In February 1862, Major William Richardson Hunt approved receipt of over $2500 of ordnance from the Memphis firm of Quinby & Robinson.
The third item listed on the receipt records “1 6 pdr 3 in Rifle Gun” received on February 6 at a cost of $687.43. (Recall the nomenclature used for other Confederate 3-inch rifles incorporated similar references to the base 6-pdr caliber.) The 3-inch rifle was one of only a handful, perhaps only three, produced by Quinby & Robinson before the fall of Memphis that spring. Remarkably two of the guns survive today in Petersburg National Battlefield.
One is on display near the visitor center.
The other is located at Colquitt’s Salient opposite Fort Steadman.
At first glance the gun presents a clean appearance, with minimal moldings confined to the base ring and knob. The cylindrical rimbases attach directly to the gradually tapering barrel. Small numbers on top of the breech (#33 on the piece in front of the visitor center and #34 on the gun in the field) should correspond to a foundry numbers. The stamps on the right trunnion indicate the guns are indeed from Quinby & Robinson.
The year stamped on the left trunnion of each piece, 1862, puts the guns are in the range corresponding to the receipt shown above.
The thickness of metal at the muzzle suggests the original casting pattern was intended for a larger caliber weapon.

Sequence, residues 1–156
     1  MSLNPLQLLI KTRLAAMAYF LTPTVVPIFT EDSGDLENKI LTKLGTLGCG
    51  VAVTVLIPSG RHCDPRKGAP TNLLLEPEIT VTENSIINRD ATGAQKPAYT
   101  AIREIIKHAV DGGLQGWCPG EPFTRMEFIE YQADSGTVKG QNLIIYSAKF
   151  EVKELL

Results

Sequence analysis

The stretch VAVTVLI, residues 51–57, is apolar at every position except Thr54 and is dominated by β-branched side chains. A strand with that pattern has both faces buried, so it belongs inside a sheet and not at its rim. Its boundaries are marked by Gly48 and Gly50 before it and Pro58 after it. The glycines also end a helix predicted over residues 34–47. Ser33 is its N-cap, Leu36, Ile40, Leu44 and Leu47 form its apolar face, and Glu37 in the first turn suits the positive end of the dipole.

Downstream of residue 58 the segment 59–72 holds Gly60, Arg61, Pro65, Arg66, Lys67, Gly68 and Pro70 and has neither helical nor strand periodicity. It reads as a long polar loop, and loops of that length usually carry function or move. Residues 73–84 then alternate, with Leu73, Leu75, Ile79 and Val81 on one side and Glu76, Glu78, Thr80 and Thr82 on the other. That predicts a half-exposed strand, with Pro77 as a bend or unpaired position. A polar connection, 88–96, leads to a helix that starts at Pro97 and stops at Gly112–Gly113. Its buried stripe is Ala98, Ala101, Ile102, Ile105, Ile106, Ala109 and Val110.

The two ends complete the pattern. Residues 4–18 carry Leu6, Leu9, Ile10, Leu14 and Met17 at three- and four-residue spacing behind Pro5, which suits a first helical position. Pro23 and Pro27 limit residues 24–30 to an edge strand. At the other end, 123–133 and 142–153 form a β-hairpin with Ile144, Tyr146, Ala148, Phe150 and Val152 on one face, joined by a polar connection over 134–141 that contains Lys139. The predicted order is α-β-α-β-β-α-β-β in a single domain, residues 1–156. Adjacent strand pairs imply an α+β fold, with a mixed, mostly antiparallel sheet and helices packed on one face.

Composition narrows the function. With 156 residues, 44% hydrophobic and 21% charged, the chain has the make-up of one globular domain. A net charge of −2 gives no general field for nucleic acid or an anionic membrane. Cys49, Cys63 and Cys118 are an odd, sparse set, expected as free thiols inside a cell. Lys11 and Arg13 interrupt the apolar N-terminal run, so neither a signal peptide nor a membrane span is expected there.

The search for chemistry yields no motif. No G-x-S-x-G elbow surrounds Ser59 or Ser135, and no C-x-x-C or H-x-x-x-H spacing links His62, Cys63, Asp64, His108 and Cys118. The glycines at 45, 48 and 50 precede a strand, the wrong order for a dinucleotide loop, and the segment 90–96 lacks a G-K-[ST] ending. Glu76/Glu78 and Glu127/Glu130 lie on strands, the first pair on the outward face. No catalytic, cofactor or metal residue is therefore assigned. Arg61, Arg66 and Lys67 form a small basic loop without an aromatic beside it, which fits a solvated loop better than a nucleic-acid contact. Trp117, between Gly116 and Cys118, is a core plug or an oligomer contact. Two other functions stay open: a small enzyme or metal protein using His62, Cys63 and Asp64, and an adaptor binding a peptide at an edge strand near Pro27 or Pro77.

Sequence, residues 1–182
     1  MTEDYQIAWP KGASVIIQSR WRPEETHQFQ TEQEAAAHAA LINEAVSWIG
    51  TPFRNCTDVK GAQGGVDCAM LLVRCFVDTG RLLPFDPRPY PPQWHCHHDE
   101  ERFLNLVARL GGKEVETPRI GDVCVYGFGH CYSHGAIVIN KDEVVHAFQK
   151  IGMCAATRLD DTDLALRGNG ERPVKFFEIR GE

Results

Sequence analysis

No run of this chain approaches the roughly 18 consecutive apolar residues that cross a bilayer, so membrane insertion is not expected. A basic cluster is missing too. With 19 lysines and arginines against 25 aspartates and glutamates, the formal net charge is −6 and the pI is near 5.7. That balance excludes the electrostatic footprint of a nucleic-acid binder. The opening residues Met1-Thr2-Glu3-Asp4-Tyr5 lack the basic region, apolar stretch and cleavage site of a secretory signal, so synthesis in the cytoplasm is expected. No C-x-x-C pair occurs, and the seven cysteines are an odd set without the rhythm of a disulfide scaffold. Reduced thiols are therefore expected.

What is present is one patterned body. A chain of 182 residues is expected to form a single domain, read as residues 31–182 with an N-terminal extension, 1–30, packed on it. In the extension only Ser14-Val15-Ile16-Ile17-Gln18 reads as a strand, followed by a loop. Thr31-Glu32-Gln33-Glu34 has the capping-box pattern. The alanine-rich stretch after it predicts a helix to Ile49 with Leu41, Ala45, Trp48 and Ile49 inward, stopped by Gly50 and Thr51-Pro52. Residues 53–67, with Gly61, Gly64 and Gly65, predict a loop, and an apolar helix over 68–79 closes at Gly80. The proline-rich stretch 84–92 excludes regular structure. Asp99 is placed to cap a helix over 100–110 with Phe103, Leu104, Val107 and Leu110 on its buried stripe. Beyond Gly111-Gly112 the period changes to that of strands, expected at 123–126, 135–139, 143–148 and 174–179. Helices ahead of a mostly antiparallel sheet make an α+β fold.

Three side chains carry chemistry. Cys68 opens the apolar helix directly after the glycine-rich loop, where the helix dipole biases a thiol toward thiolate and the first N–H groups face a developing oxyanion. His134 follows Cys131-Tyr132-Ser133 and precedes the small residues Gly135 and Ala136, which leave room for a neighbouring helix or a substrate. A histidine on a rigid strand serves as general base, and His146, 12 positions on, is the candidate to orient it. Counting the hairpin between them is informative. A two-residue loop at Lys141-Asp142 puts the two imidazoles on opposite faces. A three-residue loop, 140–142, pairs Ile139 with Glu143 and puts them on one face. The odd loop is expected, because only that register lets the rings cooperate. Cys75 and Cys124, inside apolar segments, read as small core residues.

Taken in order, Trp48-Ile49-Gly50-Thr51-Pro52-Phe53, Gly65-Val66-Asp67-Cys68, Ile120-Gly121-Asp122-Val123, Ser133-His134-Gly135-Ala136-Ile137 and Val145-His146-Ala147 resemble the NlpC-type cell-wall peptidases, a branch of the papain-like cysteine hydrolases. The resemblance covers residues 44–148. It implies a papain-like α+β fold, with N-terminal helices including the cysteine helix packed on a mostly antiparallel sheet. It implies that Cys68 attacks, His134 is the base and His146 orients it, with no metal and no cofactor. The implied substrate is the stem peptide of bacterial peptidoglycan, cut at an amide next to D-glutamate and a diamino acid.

The bore features twelve left-handed twist lands and grooves. Remarkably, neither gun exhibits significant wear of the rifling.
The bore measures out at the prescribed 3-inches.
The breech profile incorporated a base ring, rounded breech face, and a rounded knob with rather thick fillet connecting to the breech.
The gun sight mounts are no longer attached. But the fittings indicate the use of a standard hausse seat in the rear and a spike front sight above the muzzle.
Of the pair, #33 definitely has more “character.”
The divot under the lower left of the barrel looks like a battle scar. But it could also be the result of mishandling. But it sounds so much more exciting to say some Yankee solid shot ricocheted off the barrel in the heat of some artillery duel. The damage deformed the interior of the gun and actually warped the bore.
Needless to say, #33 won’t be firing any more rounds.
Up until the recent refurbishment of the Petersburg artillery display, #33 sat on the rails between a James Type 2 14-pdr rifle and a Wiard 2.6-inch rifle, allowing for convenient comparison.
The Confederate rifle measures 61 inches long, compared to 74 inches for the James rifle and 52.5 inches for the Wiard.
The external appearance of these two Quinby & Robinson rifles, even if breaking with established patterns, is not unique. Another pair of 3-inch rifles at Petersburg, produced by A.B. Reading and Brother, from Vicksburg, Mississippi. I will examine them next.